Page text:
Aquatic Invasive Species Distribution

Aquatic Base Map with Legend_2015 A variety of monitoring programs collect information directly or indirectly about the distribution of aquatic invasive species (AIS) in the Adirondack region including the NYSDEC, Darrin Fresh Water Institute, Adirondack Watershed Institute of Paul Smith’s College, Lake Champlain Basin Program Long Term Biological Monitoring Program, and lake associations and lake managers, among others. In 2002, the Adirondack Park Invasive Plant Program (APIPP) compiled existing information about the distribution of aquatic invasive plants in the Adirondack region and instituted a regional long-term volunteer surveillance and monitoring program. APIPP trains volunteers in plant identification and reporting techniques to monitor Adirondack waterways for the presence of aquatic invasive plants.

Until recently, no systematic surveys were underway in the region for aquatic invasive animals. Data on non-native fish primarily are collected by the NYSDEC, but data on other aquatic invasive animals, such as zebra mussel and Asian clam, are largely limited to reports from individual lakes. In 2008, the NYSDEC contracted with APIPP to serve as the Adirondack Partnership for Regional Invasive Species Management (PRISM), and APIPP broadened its scope beyond plants to address all invasive species and now also serves as a repository for aquatic invasive animal distribution data. In 2012, APIPP initiated an annual training program for aquatic invasive animal identification and survey techniques and is expanding its volunteer surveillance and monitoring program to include aquatic invasive animals.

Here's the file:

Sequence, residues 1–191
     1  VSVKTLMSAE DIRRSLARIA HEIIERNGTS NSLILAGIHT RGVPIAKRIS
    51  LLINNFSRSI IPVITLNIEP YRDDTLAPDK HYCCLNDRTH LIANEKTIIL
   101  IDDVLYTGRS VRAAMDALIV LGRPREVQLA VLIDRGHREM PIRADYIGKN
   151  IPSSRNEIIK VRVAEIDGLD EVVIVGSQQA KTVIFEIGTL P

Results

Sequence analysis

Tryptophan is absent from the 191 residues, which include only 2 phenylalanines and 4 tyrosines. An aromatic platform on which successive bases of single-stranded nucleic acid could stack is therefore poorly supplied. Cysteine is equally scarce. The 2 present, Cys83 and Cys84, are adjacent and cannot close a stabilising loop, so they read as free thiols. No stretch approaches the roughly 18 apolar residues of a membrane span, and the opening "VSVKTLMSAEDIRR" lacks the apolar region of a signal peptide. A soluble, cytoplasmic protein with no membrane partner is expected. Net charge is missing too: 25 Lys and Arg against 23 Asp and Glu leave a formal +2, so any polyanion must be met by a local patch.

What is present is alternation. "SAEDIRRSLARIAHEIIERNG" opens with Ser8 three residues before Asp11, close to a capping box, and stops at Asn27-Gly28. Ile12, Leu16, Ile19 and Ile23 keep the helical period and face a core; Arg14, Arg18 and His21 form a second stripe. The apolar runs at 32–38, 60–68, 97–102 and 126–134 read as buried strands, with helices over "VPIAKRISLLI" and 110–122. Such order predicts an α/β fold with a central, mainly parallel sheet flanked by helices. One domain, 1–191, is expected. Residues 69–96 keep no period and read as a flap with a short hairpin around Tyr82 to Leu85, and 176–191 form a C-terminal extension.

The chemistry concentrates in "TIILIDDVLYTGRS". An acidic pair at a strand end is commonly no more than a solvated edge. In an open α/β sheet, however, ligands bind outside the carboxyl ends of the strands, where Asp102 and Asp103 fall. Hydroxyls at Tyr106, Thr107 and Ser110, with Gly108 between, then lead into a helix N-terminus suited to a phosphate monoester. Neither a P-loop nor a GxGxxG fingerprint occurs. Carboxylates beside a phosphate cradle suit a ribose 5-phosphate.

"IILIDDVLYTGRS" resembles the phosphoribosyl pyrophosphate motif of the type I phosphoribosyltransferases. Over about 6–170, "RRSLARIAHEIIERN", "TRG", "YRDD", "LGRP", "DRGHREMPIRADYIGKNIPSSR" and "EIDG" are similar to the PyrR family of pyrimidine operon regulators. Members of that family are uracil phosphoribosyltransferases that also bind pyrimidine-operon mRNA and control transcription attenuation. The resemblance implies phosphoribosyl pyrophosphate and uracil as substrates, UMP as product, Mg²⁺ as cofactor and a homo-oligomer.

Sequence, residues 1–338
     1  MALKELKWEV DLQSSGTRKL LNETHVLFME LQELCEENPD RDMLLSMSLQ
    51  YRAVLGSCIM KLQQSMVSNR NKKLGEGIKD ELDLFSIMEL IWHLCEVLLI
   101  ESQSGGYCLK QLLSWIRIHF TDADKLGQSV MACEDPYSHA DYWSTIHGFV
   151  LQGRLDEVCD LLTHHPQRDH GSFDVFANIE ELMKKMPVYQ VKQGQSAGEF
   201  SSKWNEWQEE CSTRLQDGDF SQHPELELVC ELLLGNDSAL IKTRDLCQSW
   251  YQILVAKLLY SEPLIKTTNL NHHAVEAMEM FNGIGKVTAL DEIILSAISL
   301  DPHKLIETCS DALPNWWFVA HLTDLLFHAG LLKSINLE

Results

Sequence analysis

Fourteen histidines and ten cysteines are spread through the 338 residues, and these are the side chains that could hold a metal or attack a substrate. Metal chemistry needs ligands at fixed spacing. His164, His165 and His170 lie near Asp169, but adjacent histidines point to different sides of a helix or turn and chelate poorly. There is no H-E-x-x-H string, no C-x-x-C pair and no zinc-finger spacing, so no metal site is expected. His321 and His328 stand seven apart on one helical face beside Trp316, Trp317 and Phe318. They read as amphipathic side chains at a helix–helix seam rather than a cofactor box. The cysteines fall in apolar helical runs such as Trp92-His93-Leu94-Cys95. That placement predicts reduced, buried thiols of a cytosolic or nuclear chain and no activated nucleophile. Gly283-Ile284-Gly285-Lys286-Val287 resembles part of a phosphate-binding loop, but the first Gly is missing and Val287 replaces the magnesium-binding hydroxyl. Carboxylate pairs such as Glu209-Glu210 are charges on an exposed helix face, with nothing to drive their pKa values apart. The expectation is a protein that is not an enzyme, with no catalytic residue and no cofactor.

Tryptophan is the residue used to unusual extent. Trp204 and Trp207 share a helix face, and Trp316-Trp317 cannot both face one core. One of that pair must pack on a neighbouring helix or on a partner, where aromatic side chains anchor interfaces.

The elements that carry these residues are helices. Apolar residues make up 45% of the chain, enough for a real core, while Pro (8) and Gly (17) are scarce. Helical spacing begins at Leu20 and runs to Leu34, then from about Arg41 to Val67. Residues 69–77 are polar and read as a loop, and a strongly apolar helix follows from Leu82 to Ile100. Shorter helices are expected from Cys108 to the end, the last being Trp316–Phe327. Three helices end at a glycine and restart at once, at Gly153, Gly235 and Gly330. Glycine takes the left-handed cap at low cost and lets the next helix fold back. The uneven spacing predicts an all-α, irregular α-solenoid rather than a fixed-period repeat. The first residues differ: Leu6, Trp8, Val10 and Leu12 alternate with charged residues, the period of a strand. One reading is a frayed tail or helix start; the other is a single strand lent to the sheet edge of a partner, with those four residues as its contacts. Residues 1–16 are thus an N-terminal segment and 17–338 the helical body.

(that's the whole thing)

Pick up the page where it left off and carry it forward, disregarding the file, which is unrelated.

Our knowledge of AIS distributions in the Adirondack region is limited by the number of waterways that have been surveyed and the frequency of monitoring. In some cases, only a portion of the water’s shoreline has been surveyed. In other cases, a single specimen may have been identified without documentation as to its location within the waterway. It follows that a “no invasives observed” survey result indicates only that an invasive species has not been detected and does not preclude the possibility of its existence.

Download a PDF of the 2015 Aquatic Invasive Species Distribution Map and Table.

Detailed APIPP Volunteer Lake Monitoring Program reports are available through iMapInvasives.

Information is still needed for a number of Adirondack waterways!

If you would like to become a volunteer monitor on a lake that has not been surveyed or would like to join your neighbors for ongoing surveys, please visit our volunteer page for more information.